DEP Trapping Using Metallised Nanopipettes

Reference number 7353

Sectors: Healthcare

Industries: Medical Devices

This invention enables efficient single molecule nanopore sensing at femtomolar concentrations using dielectrophoretic trapping by combining nanopore sensing and dielectrophoresis (DEP).

Proposed use

The relevant market for this technology is DNA sequencing, specifically in the nanopore segment. The invention can also be extended to other analytes (proteins, RNA) as well as other spectroscopies where concentration is a critical parameter. Most importantly, this device can bridge a major technological gap in science where currently there are few rare-event detection strategies. Finally, this platform opens up the door to single-cell experimentation whereby the sharp nanopipette tip can be used to efficiently extract low copy numbers of nucleic acids.

Problem addressed

One of the greatest challenges facing scientists is the accurate detection and identification of single molecules. Since the mid 1990s the use of single-molecule detection strategies based around nanopores has shown rapid growth. However, a well-known complexity is that detection and capture is predominantly diffusion-limited. This problem is compounded when taking into account the capture volume of a nanopore, typically 108–1010 times smaller than the sample volume. Our invention, a simple, yet powerful, method based on coupling single-molecule dielectrophoretic trapping to nanopore sensing, provides a solution to this problem: DNA can be captured from a controllable, but typically much larger, volume and concentrated at the tip of a metallic nanopore. This enables the detection of single molecules at concentrations as low as 5 fM, which is approximately a 103 reduction in the limit of detection compared with existing methods, while still maintaining efficiency throughput.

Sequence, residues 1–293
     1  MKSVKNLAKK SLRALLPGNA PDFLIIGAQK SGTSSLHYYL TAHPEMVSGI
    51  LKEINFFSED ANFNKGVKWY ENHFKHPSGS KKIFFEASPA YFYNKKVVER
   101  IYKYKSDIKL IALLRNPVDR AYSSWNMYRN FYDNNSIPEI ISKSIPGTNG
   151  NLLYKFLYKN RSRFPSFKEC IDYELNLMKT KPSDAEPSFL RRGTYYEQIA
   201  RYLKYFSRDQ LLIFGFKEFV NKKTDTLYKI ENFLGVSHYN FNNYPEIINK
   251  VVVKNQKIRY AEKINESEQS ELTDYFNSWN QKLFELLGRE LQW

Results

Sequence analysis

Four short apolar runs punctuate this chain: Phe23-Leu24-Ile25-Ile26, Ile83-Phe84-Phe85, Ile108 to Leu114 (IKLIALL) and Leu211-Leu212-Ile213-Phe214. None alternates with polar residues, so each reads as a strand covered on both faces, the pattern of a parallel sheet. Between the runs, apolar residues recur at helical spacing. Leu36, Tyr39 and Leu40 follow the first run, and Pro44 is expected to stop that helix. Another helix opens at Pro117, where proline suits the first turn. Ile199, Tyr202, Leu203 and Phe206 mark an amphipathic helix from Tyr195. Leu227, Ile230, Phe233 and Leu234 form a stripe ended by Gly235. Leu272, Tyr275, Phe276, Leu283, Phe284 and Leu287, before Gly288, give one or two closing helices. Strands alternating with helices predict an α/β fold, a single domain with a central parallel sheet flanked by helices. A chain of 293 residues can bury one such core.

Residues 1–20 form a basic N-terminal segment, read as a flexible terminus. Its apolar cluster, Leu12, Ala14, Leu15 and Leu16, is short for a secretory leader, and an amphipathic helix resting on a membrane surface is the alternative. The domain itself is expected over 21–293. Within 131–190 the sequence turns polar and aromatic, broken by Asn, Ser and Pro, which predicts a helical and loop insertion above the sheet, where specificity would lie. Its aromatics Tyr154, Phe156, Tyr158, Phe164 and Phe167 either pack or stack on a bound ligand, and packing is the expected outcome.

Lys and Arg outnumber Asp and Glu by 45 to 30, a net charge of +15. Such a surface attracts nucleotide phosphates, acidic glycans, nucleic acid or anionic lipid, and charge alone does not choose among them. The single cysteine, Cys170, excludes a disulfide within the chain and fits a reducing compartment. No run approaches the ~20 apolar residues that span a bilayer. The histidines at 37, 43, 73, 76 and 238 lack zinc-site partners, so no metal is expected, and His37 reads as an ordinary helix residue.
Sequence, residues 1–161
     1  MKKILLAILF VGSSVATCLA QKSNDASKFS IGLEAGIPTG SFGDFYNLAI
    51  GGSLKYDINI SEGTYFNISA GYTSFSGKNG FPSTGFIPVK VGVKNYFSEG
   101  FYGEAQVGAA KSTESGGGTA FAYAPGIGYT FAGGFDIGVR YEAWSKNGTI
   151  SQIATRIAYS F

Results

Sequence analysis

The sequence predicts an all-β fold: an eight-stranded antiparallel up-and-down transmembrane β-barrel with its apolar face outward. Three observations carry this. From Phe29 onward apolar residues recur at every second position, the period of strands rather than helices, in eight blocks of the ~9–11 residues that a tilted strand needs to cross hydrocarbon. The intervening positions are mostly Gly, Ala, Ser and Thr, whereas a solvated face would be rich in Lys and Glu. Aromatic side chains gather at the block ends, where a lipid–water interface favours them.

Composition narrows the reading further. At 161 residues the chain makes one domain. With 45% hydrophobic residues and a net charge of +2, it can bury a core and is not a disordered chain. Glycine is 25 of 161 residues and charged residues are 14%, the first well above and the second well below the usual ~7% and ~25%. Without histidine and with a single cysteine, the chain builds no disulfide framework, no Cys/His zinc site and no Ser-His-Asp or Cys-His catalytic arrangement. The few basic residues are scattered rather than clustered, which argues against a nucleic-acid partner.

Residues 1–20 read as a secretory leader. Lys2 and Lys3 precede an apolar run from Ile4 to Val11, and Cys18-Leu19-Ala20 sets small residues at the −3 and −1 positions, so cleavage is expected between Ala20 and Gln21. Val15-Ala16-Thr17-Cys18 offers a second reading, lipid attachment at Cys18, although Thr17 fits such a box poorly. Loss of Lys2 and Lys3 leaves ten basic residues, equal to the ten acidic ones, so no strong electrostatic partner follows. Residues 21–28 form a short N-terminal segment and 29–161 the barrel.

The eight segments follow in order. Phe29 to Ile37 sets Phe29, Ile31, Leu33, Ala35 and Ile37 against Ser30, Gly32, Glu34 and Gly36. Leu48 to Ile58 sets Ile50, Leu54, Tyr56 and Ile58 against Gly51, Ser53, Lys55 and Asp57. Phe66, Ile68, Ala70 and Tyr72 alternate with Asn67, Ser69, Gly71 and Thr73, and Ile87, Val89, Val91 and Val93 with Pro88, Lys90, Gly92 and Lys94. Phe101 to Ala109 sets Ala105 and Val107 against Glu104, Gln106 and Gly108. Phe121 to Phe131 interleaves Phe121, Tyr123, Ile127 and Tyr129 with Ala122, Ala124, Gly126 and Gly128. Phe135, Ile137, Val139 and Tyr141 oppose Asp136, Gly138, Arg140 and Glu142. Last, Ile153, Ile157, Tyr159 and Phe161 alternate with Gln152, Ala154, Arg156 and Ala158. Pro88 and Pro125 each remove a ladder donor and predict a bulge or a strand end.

Technology overview

The invention is an electrically-charged nanopipette, which exerts a force on the molecule to draw it closer to the tip. The shape and minute size of the tip, less than 50 nanometres, ensures the set up can detect single molecules.


  • Offers a 1,000-fold improvement in detection efficiency of DNA compared with existing methods (lower limit of 1-10 fM).
  • Has the ability to sense DNA at a concentration as low as 5 fM at an event rate of 315 events per minute.
  • Faster sequence acquisition obtained by enhanced capture frequency.
  • High versatility: applicable to proteins and DNA.

Intellectual property information

Patent : EP3308139A2US20180164205A1


Portrait of Professor Joshua Edel
Professor Joshua B. Edel

Professor of Biosensing & Analytical Sciences
Faculty of Natural Sciences, Department of Chemistry

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Fabian Lim

Industry Partnerships and Commercialisation Senior Executive, Faculty of Natural Sciences

Fabian is Industry Partnerships and Commercialisation Senior Executive for the Faculty of Natural Sciences at Imperial College London

Contact Fabian

[email protected]

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